Julie Hull holds a Master of Clinical Christian Counseling and is a Licensed Pastoral Counselor.  She is the owner of Renewing Hope Counseling Resources in Burnsville, MN where she specializes in helping clients who are experiencing loss, grief and life transitions. Working with people to create sustainable self-care practices while walking through a new, difficult or unwanted change in life. She believes the integration of emotional, physical and spiritual health must be addressed in order to move toward healing. Learn more about Julie and her practice at Renewing Hope.

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A Son Murdered – But God

Trauma is filled with unknowns…but God is always there

Trauma changes people forever.  God finds a way to help us grow through the challenges of life.  He creates opportunities for that growth happens when we walk through the process of healing. When a tragedy happens, only the pain and sadness seem real. Sometimes for years. But our limited perspective of events and life in general is completely opposite of the way God sees them.

This truth came to light during a LifeSupport Podcast in which a pastor shared the story of the death of his son by homicide. It was a complete shock, and the family had a long journey ahead of them, full of unknowns. However, God miraculously created blessings from this tragedy.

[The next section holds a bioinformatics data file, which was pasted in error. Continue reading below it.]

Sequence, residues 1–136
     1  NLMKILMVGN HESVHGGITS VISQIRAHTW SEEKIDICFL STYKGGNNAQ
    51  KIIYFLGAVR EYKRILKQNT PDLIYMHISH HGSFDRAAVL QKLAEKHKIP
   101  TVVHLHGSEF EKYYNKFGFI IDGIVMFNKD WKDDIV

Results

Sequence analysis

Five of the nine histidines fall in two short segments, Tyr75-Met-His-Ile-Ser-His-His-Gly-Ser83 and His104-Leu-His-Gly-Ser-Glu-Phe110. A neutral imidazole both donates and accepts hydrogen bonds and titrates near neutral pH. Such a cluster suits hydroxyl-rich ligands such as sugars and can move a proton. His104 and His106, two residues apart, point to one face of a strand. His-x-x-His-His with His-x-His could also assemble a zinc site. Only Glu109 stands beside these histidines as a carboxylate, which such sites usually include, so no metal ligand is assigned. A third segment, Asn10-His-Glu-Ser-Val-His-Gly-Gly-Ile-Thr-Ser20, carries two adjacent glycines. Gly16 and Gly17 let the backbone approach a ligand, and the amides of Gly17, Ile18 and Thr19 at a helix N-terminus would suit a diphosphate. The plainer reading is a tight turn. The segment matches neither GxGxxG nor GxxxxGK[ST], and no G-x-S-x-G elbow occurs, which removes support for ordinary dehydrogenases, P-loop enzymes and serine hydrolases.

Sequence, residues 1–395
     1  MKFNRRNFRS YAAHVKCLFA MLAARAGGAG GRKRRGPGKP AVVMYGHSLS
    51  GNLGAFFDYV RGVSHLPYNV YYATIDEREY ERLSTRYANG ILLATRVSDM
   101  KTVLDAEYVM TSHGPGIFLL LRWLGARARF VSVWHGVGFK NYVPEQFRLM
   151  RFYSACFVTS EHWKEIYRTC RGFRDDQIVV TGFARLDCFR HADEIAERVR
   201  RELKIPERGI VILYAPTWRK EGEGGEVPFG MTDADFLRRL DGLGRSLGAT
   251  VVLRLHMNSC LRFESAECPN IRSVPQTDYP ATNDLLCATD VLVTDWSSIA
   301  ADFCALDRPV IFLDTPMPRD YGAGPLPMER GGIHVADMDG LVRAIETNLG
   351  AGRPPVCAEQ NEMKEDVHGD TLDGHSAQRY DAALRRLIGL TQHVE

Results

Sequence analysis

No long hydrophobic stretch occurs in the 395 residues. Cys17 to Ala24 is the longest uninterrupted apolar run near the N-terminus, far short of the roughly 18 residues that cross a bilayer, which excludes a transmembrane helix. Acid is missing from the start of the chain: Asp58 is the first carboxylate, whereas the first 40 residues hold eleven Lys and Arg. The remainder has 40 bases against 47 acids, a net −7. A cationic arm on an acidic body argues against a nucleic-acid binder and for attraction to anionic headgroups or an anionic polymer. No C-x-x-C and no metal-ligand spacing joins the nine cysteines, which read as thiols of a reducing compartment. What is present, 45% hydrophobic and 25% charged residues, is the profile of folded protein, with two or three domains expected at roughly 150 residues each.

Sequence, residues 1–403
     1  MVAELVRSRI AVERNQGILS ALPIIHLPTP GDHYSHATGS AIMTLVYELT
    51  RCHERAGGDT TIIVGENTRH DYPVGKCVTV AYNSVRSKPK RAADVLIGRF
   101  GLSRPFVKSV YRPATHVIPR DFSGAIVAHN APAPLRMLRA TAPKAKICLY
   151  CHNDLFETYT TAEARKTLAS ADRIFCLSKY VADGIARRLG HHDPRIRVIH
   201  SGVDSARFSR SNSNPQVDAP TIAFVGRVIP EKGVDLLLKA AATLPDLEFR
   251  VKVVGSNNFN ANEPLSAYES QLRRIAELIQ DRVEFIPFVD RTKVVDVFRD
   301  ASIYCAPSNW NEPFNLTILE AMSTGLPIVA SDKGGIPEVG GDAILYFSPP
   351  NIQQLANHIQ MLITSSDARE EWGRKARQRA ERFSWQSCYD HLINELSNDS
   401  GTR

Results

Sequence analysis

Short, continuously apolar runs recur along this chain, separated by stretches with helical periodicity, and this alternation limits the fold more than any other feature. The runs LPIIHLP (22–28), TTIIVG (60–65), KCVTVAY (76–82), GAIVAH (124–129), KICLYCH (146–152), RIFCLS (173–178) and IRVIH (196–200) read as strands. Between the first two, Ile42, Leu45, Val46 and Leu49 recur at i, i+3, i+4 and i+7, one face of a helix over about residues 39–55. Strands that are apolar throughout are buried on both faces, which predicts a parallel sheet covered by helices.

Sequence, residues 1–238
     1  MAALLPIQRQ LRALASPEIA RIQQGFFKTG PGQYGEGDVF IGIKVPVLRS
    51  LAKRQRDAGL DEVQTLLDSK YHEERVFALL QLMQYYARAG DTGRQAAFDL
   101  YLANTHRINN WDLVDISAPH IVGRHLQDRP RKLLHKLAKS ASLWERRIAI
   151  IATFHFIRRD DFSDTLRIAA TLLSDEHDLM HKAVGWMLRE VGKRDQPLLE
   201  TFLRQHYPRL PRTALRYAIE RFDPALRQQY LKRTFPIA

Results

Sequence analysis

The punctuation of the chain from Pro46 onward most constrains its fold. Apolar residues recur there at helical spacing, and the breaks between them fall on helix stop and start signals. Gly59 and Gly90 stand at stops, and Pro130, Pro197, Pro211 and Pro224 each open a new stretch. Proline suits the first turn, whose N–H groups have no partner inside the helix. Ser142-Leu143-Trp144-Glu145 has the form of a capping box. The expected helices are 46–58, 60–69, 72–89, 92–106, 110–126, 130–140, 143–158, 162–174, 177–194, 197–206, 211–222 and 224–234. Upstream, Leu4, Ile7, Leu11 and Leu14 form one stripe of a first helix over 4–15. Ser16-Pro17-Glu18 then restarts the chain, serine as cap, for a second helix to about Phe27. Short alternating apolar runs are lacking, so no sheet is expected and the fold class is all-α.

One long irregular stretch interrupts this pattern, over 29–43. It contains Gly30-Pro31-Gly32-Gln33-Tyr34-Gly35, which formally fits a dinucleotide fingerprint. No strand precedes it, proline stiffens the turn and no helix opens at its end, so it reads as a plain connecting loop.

Paul Johnson, the host of the LifeSupport Podcast, welcomed his wife, Wendi, onto the show so they could both share their story of their son Taylor, who was the victim of a shooting.

Paul and Wendi Johnson

Paul and Wendi were proud of their son Taylor.

The 21-year-old was just two weeks away from graduating from a school of recording arts. Taylor was talented and gifted and his parents could not wait to see what life had in store for him.

Taylor lived with Paul and Wendi until he into a place with some roommates. They would see him occasionally, sometimes he would just stop by quickly to get his mail that was still being delivered to his parent’s house.

Just one month after Taylor moved out, Paul and Wendi received the worst news they could ever imagine.